By J.W. Schnarr
Council has directed administration to negotiate a summer contract for a business currently in charge of running the concession at the Vauxhall Community Complex arena, paving the way for an opportunity for the business to provide full-time summer service to the community.
During their regular meeting on April 7, council addressed a request from the business, the owner of which appeared at a previous council meeting in order to make the original request.
During discussion, however, Mayor Margaret Plumtree said due to the nature of the contract in place with the business, including low rent for the space as well as utilities being paid for by the town, an unfair advantage was being granted to the business at the expense of other local restaurants.
“Our job is not to create an unfair advantage, so that the other restaurants in the community go broke,” she said.
Chief Administrative Officer Cris Burns said in his research, he discovered that while many municipalities have similar deals in place for private entities to run the concessions at public facilities, there are often contracts in place regarding hours of use.
When polled, council agreed that it would generally be a positive addition to the town if the concession was open year-round, but many were unsure of how to allow them to continue to operate.
If the business were to continue to operate during hours when no facilities were in use, a separate contract should be drafted involving a summer rate.
Burns said if council directed administration to negotiate a contract, a price could be arranged at that time.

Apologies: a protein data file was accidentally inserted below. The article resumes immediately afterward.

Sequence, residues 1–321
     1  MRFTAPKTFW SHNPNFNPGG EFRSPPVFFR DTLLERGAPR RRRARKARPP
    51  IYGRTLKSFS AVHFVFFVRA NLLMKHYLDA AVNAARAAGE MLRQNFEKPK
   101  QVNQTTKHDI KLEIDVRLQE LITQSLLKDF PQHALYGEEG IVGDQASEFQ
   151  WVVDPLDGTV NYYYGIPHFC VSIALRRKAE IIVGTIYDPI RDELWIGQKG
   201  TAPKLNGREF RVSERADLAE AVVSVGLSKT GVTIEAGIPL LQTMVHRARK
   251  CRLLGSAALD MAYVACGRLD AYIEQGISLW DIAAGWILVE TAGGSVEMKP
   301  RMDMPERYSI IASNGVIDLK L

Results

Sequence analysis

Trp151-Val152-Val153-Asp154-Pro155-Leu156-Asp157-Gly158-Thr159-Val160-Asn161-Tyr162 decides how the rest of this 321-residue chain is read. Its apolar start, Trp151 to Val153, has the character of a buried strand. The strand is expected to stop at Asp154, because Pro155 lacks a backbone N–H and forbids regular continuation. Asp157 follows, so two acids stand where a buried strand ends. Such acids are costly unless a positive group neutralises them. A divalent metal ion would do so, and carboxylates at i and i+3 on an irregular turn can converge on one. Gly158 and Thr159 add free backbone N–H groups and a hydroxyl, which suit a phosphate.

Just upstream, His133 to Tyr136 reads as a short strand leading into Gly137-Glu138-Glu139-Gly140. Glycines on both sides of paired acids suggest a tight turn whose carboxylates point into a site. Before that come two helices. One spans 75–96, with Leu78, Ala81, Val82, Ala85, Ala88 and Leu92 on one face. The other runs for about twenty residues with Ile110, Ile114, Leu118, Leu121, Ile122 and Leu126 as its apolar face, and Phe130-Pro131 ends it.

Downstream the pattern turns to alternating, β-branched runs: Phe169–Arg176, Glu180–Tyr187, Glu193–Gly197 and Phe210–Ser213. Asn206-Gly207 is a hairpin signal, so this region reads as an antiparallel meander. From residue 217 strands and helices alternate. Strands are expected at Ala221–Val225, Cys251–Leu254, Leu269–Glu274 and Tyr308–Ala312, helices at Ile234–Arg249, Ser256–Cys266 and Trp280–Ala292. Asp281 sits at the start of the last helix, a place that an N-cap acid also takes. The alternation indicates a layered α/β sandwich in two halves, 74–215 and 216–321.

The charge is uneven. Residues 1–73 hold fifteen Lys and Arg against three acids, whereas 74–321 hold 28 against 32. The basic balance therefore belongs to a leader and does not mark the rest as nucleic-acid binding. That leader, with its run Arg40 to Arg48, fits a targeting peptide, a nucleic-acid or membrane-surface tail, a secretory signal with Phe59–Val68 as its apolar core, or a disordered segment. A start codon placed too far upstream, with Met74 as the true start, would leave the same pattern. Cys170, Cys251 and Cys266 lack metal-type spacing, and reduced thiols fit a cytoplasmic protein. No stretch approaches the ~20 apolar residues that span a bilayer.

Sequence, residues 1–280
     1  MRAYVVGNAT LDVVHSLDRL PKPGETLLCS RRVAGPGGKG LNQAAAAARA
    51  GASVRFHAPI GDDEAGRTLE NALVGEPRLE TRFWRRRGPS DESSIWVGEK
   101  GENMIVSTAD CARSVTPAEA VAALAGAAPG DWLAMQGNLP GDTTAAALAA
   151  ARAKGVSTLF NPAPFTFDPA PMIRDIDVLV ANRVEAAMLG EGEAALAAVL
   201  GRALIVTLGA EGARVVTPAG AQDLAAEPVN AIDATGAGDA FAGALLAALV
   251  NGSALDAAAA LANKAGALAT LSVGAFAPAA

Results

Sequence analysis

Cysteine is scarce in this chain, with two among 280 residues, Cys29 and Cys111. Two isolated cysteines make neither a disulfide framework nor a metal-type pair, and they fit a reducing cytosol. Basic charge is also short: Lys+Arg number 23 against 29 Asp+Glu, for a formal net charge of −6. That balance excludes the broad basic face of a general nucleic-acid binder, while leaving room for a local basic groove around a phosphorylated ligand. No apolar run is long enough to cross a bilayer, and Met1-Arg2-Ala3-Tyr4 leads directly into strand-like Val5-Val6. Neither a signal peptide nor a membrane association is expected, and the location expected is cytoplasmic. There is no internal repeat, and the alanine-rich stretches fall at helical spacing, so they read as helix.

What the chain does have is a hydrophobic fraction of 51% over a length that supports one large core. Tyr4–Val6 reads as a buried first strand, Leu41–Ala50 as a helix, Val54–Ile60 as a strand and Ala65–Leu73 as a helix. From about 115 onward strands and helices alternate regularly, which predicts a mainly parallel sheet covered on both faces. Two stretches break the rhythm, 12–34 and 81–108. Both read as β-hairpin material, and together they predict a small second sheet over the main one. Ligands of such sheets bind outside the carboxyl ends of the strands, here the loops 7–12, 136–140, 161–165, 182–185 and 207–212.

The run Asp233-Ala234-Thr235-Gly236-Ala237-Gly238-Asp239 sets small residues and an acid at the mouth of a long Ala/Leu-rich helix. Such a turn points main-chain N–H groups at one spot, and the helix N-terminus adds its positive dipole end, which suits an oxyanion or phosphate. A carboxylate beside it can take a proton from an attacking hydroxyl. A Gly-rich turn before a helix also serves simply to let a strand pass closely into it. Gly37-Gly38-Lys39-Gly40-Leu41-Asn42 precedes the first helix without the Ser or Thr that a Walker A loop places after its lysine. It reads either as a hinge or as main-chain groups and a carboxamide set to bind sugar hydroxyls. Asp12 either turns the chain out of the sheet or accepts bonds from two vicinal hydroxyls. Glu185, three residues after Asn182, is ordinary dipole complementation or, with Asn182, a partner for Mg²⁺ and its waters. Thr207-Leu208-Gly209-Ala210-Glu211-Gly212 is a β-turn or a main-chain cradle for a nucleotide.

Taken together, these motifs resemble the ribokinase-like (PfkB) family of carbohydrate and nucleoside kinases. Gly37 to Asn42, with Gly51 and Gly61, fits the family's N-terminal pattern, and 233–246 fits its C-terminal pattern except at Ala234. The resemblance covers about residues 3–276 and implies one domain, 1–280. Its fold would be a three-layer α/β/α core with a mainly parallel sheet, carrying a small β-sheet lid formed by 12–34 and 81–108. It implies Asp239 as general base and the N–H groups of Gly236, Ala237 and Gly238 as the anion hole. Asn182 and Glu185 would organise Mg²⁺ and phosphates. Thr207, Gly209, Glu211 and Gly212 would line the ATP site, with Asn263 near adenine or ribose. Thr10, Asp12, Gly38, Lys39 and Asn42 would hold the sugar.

“You need to negotiate fairly hard because they are really low,” said Phillips, regarding the large difference in facility costs for the business when compared to other similar businesses in the area.
As part of the discussion on the use of town facilities, it was noted there is an apparent double standard in regards to the ability for the business to provide alcohol to customers.
“You can’t get beer at the hockey rink. But you can at the baseball stadium,” said Phillips, adding he was not necessarily was in favour of allowing the rink concession to serve alcohol. “It just seems strange to me that at one town sports facility, we allow them to get a liquor license and sell beer, and at the other, we don’t.”
Coun. Martin Kondor said alcohol can also be served at the curling rink, another town-owned facility.
Phillips jokingly referenced an episode of The Simpsons where one of the characters attended a baseball game sober, only to realize how bored he was.
“You’ve got to have beer at baseball, where hockey is fast enough that you don’t need that, I guess,” he said.
Kondor said as a hockey parent, in 90 per cent of the rinks he attends, he is able to purchase alcohol if he wants.
“I think it’s a bad idea,” said Coun. Kim Cawley, noting people who drink at hockey games then get into their vehicles and drive home. She also said it was inappropriate for people to be drinking while watching six-year-olds playing hockey.
“And imagine those guys having a couple beers and going out on the ice to play shinny?” she asked. Coun. Linda English seemed to be in agreement.
Following discussion, council directed administration to begin negotiating with the company in order to achieve an equitable deal on a summer agreement, which would run separately from the current winter agreement.
“In the winter, it’s a service,” said Phillips. “In the summer, it’s a for-profit business. I think it’s completely appropriate.